by Max Brantley
Sylvia Mathews Burwell, currently president of global development at the Bill and Melinda Gates Foundation, will become president of the Walmart Foundation in 2012. She succeeds the retiring Margaret McKenna.
Among others, Burwell was a deputy chief of staff to President Bill Clinton.
The foundation is the charitable arm of the Walmart corporation, a separate entity from the Walmart Family Foundation, built by contributions from the Walton family, but it is part of the company's pledge to spend $2 billion by 2015 on U.S. hunger.
Walmart and the Walmart Foundation today named Sylvia Mathews Burwell president of the Walmart Foundation. She will join Walmart in January 2012 to lead the company’s charitable giving efforts and Walmart’s Global Women’s Economic Empowerment Initiative. Burwell will also guide the company’s social, environmental and economic opportunity efforts in Africa.
Burwell is currently president of Global Development at the Bill & Melinda Gates Foundation. In her new position, she will report to Leslie Dach, Walmart’s executive vice president of Corporate Affairs.
“The Walmart Foundation is a major, strategic part of our model for making a difference around the world,” said Mike Duke, Walmart president and CEO. “Sylvia has proven expertise and real passion for giving people the tools they need to rise out of poverty, addressing hunger issues and promoting sustainable development. We are fortunate to have her in this leadership role, and her impact will be felt by the communities and people we serve.”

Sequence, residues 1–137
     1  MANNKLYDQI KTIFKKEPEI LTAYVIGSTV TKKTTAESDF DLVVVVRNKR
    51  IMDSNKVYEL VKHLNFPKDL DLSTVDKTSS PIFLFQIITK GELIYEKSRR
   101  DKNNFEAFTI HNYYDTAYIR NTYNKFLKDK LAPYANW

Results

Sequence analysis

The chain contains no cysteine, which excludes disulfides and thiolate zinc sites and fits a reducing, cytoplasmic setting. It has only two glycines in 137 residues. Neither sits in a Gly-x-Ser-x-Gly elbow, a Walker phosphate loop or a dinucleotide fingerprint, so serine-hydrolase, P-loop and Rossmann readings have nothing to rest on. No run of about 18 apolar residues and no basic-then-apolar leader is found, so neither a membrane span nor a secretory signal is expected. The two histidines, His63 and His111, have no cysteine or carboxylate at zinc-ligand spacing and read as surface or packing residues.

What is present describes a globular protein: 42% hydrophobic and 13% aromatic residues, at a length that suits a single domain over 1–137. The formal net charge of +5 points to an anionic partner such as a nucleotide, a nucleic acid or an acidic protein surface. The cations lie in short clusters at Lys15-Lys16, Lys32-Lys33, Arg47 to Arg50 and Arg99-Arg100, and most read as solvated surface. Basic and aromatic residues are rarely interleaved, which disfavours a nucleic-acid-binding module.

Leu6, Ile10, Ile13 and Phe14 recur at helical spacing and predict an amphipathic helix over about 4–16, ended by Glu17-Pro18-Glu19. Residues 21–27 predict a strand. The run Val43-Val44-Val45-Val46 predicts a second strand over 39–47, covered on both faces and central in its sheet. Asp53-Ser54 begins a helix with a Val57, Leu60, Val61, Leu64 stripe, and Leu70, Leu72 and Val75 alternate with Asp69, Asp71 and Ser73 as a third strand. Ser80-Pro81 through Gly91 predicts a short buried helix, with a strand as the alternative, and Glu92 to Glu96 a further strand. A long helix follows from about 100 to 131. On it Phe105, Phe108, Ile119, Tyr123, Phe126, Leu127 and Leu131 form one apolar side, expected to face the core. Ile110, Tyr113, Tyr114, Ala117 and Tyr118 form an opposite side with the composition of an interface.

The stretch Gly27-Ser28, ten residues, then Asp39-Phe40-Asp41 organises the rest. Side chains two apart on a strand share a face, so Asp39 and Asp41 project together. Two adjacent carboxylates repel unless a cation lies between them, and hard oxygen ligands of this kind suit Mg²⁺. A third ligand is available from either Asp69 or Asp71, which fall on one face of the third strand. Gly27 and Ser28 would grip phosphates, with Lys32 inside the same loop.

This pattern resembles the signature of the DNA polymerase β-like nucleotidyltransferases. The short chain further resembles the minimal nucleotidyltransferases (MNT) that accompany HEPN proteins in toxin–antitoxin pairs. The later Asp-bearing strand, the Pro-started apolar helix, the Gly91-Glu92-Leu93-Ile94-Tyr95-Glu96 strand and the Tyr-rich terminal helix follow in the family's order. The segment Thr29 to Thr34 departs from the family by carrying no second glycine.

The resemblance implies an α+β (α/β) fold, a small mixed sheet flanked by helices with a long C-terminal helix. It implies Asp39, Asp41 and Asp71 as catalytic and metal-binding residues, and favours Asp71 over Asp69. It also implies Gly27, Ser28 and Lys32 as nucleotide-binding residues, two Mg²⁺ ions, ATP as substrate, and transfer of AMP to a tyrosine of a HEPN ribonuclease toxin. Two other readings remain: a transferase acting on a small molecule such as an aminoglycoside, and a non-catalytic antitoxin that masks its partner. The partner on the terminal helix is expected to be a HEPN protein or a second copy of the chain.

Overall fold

“At Walmart we have a 360-degree approach that brings together our business strengths, our size and our scale to drive positive change,” said Dach. “Sylvia is results-oriented and is passionate about lifting up those most in need. Through her leadership, Walmart will be able to make an even greater difference on some of the most pressing and persistent problems facing the world.”
Building on the “Live Better” part of its mission, Walmart’s approach to philanthropy has helped create solutions to a number of major societal issues, including sustainable agriculture, fighting hunger, increasing access to healthy and affordable foods, and women’s economic empowerment. The company has been recognized as the country’s largest corporate donor — giving more than $799 million in cash and in-kind gifts globally, last year alone.
Burwell began her work at the Bill & Melinda Gates Foundation in 2001 as chief operating officer and executive director. In her most recent role, she founded and led the Gates Foundation’s efforts to improve lives around the globe. Through $725 million in annual giving, Burwell’s work has focused on advocacy and grant making in areas such as agricultural development, financial services for the poor, sanitation, emergency relief and urban poverty.
Prior to joining the Gates Foundation, she held a variety of positions in Washington, D.C., including Deputy Director of the Office of Management and Budget, Deputy Chief of Staff to President Bill Clinton and Chief of Staff to Treasury Secretary Robert Rubin.
Burwell will replace Margaret McKenna, who became president of the Walmart Foundation in 2007. McKenna announced her retirement this spring and today is her last day with the company. She will consult with Walmart through the leadership transition.
“The Walmart Foundation is far stronger than it was when Margaret joined us,” Dach said. “The company and countless communities have benefitted tremendously from her leadership.”